STARTING TO SAVE is a discouraging business. Even if you invest in stocks—and even if stocks post gains—progress initially can seem agonizingly slow.
Consider a simple example. Let’s say you earn $100,000 a year. Not exactly an everyday salary, I admit, but it makes the numbers easier to grasp. You save 12% of your income, equal to $12,000 each year. That money is invested at the start of the year and earns 6% annually,

Read more »

Family Finance

Higher Taxes?

FEDERAL RESERVE Chairman Jerome Powell appeared before Congress late last month and spoke in serious terms about the country’s debt situation. It’s worth understanding what Powell said—and how that might impact your investments.
Powell’s message: “The U.S. federal government is on an unsustainable fiscal path.” Specifically, “debt as a percentage of GDP is growing, and now growing sharply, and that is unsustainable by definition.”
Powell’s remarks mirrored those of the Congressional Budget Office (CBO).

Read more »

Investing

Going Mainstream

PAST PERFORMANCE is no guarantee of future results—and that’s especially true once an investment goes from backwater to broad acceptance. Take real-estate investment trusts. Over the past 15 years, they have been embraced by investors, leading to great returns as folks loaded up on REITs. But that widespread acceptance was a onetime event—and returns from here will likely be more modest, especially with equity REITs yielding just 3.4%, versus almost 9% at year-end 1999.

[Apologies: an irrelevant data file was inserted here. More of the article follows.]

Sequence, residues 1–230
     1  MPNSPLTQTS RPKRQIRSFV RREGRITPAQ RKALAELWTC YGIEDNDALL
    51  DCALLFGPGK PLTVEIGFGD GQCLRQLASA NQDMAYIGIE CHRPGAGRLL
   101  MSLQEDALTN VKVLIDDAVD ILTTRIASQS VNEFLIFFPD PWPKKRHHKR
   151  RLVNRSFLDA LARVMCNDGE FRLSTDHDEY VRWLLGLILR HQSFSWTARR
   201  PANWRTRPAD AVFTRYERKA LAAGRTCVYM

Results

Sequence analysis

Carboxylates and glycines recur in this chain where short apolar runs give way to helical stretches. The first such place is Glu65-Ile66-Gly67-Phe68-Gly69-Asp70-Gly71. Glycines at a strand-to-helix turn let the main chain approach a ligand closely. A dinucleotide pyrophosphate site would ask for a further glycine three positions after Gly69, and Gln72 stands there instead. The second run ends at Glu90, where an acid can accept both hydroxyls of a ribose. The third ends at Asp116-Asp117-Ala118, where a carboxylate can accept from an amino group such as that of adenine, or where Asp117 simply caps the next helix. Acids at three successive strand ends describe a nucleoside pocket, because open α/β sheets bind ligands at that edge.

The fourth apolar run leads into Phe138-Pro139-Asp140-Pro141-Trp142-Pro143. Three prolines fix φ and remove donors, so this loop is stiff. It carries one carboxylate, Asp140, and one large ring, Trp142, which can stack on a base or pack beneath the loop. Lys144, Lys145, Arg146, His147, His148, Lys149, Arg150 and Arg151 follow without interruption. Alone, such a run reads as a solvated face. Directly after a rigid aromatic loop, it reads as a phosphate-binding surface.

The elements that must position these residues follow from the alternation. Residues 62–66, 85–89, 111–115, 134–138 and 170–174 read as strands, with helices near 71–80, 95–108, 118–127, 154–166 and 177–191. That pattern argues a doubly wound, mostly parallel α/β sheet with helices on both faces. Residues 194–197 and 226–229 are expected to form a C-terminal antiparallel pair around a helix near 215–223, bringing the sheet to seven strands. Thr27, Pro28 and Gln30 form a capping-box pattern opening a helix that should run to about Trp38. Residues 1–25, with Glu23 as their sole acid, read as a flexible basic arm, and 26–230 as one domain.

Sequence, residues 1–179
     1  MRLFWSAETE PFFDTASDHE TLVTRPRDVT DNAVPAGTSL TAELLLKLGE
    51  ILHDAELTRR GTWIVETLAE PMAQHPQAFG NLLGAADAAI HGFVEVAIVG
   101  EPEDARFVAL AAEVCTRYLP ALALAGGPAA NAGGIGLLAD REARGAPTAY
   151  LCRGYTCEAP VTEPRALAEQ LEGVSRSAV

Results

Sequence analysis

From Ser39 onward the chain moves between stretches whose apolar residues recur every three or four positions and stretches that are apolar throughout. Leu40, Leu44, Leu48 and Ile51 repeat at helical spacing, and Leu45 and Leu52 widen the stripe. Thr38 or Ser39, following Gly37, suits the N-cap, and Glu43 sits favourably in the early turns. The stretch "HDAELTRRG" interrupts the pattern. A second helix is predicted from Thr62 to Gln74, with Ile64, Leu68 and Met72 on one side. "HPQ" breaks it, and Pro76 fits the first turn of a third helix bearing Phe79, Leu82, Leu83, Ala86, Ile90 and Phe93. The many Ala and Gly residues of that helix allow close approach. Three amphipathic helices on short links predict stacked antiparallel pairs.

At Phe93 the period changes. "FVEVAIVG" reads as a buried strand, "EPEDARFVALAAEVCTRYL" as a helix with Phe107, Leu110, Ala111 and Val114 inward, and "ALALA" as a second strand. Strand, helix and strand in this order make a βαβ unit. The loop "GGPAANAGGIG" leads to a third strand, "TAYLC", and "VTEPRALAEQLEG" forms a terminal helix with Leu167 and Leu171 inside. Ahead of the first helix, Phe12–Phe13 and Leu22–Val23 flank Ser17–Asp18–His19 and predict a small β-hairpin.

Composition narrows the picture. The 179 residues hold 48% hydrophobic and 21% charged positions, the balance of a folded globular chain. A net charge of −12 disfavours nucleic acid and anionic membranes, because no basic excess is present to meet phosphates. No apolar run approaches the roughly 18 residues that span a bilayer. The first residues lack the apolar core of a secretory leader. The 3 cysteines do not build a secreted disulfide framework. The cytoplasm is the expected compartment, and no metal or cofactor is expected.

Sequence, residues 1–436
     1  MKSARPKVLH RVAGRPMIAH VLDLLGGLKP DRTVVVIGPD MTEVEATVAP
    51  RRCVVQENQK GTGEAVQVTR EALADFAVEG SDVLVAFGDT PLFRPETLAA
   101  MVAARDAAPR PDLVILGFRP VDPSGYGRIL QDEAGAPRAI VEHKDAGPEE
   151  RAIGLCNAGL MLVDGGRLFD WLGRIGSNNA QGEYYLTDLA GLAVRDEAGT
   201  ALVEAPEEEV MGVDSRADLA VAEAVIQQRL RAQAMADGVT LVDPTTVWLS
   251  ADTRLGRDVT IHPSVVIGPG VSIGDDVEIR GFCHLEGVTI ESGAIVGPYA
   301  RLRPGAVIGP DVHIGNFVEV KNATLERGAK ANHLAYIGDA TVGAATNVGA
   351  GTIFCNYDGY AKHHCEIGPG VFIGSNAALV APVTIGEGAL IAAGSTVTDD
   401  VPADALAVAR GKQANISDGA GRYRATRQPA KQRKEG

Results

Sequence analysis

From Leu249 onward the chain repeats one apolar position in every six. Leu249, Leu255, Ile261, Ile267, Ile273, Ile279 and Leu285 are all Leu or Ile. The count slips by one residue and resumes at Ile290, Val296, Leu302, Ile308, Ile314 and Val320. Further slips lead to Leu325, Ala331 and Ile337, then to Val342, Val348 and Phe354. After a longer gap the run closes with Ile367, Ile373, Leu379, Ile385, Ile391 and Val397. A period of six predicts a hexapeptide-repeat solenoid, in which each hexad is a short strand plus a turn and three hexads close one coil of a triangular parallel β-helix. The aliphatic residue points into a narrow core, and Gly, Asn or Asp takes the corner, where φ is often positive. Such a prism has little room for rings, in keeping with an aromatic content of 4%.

Read more »

Lists

Homes: 10 Questions

HOUSING IS the biggest expense for most American families, typically devouring a third of their budget. Are those dollars getting spent wisely? Here are 10 questions to ask yourself:

Should you buy? If you play around with the mortgage calculator at Bankrate.com, you can figure out how big a mortgage you could support with your monthly rent payments. That will give you a sense for whether homeownership is within reach. Even if it is,

Read more »
Home Call to Action

Mindset

Never Too Late

FOLKS OFTEN feel that, because they’re a certain age, their time has passed and it’s too late for them to pursue new goals, whether it’s saving for retirement or starting their dream business. But I believe we can reinvent ourselves at any age.
Last year, I listened to an NPR podcast that featured an interview with Bob Moore, founder of Bob’s Red Mill. You’re probably familiar with Bob’s Red Mill: Their products are now sold in most grocery store health-food sections.

Read more »

Reading the Signs

I MISS BASEBALL. I love the strategy and the moments of excitement that come in the later innings. I also like to attend games, watching the interaction among the players and coaches. The third base coach plays a big role, relaying signals from the manager to the baserunners and the batter. If you’re a player, and you miss a signal, it can ruin the next play.
While the stock market has signals, they aren’t as black and white as those in baseball.

Read more »

Day by Day

I’M THE TYPE of person who likes to plan. I have at least 10 to-do lists going at any one time. I have calendars on my refrigerator, my desk and my phone. I plan out my days, my months, my years and, on occasion, my decades.
My job, managing the biology department at a small liberal arts college, is a perfect fit for my personality. For the past 22 years, I’ve methodically planned out every day of each semester.

Read more »

Fed Up